Enriching Relationships for a Lifetime   with Dr. Gary Oliver

Question

My strong-willed 6-year-old is wearing me down. She has an opinion about everything and it is almost always the opposite of what I ask of her. I give her options about unimportant things, such as what she will wear to school, but I put my foot down when she refuses to wear her coat on a cold day. Nevertheless, she persists and we end up in a terrible battle of wills. How can I make her obey without breaking her spirit?

Answer

You’ve got to love the strong-willed, opinionated and persistent child and not just when they are asleep. They have the potential to become creative and influential people when they grow up. The challenge is to learn how to direct and manage that energy and creativity and not label it as a “problem to control” but as a “gift to cultivate.”

We encourage parents with challenging children to begin each day by taking just a few minutes to think about the uniqueness of this child that God has given them. Take a moment to give thanks for this child who was made in the image of God. Give thanks for her uniqueness, her smile, her laughter and the other “positive” God-given gifts. Also thank God that He will give you the wisdom and discernment you need that day to deal whatever needs and concerns may arise.

There are ways of parenting children when they are young that can make a difference throughout their developmental years. One of these relates to choices and helping them cultivate intrinsic motivation to make wise choices. When children are young we can (to a degree) control their behavior but as they get older and bigger and become more independent that becomes a greater challenge. Parents who rely on primarily on extrinsic motivation to manger their children’s behavior are creating headaches for themselves and for their children as they grow older. God didn’t call parents to merely control their children’s behavior. He wants us to help them cultivate a healthy Christ like attitude.

The story is told of a dad who wanted his son to sit down but the boy wouldn’t sit down. After several requests turned into demands the father finally yelled, “If you don’t sit down I’m going to give you a whipping you’ll never forget.” As the boy finally sat down the father folded his arms with the sense of satisfaction that he had “won” this one. However, under his breath the boy whispered, “That’s okay dad. I’m sitting down on the outside but I’m standing up on the inside.” The dad had controlled his son’s short-term behavior but did nothing about his long-term attitude.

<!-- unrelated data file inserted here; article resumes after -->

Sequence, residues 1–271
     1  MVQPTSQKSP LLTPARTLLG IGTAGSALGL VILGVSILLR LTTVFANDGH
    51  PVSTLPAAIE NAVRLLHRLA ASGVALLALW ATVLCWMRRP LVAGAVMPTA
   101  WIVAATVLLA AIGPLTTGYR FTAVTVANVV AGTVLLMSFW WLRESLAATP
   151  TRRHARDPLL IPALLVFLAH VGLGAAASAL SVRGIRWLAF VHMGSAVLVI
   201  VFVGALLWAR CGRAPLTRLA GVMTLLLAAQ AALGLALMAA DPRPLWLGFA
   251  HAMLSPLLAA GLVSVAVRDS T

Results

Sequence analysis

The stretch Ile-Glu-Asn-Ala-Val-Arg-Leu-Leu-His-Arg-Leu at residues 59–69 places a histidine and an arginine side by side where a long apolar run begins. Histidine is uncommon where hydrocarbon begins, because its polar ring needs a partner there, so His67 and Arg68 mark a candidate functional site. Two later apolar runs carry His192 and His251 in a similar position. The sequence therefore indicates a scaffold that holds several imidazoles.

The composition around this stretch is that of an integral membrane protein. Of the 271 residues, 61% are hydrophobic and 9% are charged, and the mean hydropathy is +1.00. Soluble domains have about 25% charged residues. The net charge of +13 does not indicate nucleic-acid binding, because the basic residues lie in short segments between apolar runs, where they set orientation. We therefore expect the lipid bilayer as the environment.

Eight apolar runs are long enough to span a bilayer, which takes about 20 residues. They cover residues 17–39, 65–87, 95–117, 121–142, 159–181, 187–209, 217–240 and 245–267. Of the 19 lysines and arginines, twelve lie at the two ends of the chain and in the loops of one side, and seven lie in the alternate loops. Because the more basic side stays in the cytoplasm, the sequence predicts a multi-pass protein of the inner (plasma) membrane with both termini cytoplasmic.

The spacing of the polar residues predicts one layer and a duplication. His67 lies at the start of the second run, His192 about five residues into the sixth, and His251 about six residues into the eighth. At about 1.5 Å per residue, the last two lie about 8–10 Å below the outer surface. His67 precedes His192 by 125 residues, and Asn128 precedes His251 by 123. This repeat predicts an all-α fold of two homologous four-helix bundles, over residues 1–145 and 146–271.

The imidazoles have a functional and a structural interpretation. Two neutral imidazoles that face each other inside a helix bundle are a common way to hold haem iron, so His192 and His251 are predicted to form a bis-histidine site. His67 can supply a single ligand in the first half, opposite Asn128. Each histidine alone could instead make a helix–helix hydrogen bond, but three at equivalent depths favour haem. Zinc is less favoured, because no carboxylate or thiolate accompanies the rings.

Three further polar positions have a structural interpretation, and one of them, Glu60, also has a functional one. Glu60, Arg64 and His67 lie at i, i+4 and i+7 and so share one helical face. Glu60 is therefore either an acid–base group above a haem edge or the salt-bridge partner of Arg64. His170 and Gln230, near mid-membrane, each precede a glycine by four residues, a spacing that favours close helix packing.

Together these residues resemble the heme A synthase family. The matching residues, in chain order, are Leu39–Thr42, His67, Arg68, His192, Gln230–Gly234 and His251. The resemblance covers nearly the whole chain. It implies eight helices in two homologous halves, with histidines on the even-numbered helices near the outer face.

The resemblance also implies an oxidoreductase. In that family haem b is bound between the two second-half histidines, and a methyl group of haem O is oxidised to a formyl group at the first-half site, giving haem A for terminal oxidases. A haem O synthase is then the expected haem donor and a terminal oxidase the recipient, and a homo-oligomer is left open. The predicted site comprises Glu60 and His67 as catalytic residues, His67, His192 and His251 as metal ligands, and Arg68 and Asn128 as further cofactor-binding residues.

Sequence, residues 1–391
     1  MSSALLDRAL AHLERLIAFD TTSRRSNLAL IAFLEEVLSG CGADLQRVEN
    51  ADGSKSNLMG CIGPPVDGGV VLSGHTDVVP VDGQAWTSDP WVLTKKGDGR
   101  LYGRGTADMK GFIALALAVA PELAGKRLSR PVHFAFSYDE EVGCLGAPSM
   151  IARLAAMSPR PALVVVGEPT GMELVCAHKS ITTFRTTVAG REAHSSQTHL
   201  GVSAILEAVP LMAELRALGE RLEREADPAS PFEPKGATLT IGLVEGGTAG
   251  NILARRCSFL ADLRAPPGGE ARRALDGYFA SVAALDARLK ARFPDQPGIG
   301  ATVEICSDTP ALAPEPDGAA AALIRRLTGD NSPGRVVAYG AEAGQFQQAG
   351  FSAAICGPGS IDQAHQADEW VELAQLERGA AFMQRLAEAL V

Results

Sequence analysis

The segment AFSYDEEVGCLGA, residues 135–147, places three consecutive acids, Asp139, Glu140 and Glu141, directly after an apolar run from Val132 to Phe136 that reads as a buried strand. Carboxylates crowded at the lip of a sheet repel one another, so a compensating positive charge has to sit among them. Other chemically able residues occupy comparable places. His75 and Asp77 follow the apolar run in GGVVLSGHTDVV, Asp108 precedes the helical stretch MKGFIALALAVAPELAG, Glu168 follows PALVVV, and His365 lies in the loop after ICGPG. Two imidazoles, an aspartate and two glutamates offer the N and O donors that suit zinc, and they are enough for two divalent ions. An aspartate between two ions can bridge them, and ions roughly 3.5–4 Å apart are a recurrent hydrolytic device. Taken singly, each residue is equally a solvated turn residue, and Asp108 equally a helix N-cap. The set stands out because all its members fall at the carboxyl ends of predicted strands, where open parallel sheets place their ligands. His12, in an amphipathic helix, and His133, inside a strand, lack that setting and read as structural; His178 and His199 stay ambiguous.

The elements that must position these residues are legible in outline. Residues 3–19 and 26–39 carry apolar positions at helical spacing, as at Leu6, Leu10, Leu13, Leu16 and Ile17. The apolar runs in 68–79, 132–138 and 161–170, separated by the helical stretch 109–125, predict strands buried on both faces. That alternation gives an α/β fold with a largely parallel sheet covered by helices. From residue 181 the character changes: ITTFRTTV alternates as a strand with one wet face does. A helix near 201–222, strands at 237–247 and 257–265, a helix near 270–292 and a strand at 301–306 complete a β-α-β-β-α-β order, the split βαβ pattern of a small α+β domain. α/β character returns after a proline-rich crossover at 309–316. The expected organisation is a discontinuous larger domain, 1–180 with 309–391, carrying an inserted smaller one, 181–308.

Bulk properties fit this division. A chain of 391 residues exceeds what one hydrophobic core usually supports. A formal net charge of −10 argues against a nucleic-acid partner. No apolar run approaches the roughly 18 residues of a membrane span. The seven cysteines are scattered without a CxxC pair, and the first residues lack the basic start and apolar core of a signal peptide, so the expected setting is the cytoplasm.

In our experience with the “coat on a cold day” scenario we decided this was not a battle we needed to fight. When one of our boys didn’t want to wear a jacket we knew that this was a potentially great opportunity for them to learn some intrinsic motivation. Over time, when they don’t wear jackets they learn that they will become cold and uncomfortable and may get sick and have to stay home and miss going out to dinner with the family or some other enjoyable social event. Children don’t primarily get sick from being cold—they get sick from germs.

You may have a different conviction about this issue but the principle is that wise parents look for every opportunity possible to lovingly allow their children to experiences the consequences of their decisions. Logical consequences are great teachers. We encourage parents to learn all they can about the uniqueness of their children. For many years we’ve recommended the book Strong-Willed Child or Dreamer by Spears and Braund to parents with children like your daughter. It is packed with wisdom and practical suggestions to help you in a wide variety of situations.

A child is most likely to be obedient when there is intrinsic motivation and there is more likely to be intrinsic motivation when there is a great relationship. Affirm what is good and healthy in your daughter whenever possible. Find ways to delight in the uniqueness of who God has made her to be. We’ve seen God use the challenging strong-willed child to bring out humility, patience and some other wonderful character strengths in moms and dads.


Carrie Oliver, M.A., is an educator and a marriage and family counselor. Gary J. Oliver, Th.M., Ph.D. is executive director of The Center for Relationship Enrichment and Professor of Psychology and Practical Theology at John Brown University in Siloam Springs, Arkansas. The Olivers have co-authored Raising Sons . . . and Loving It! (Zondervan). Visit Carrie and Gary at www.liferelationships.com.

Related Q&A

We just moved to a new town. My daughter will be in 6th grade; my son will be in 9th grade. How can I help them adjust?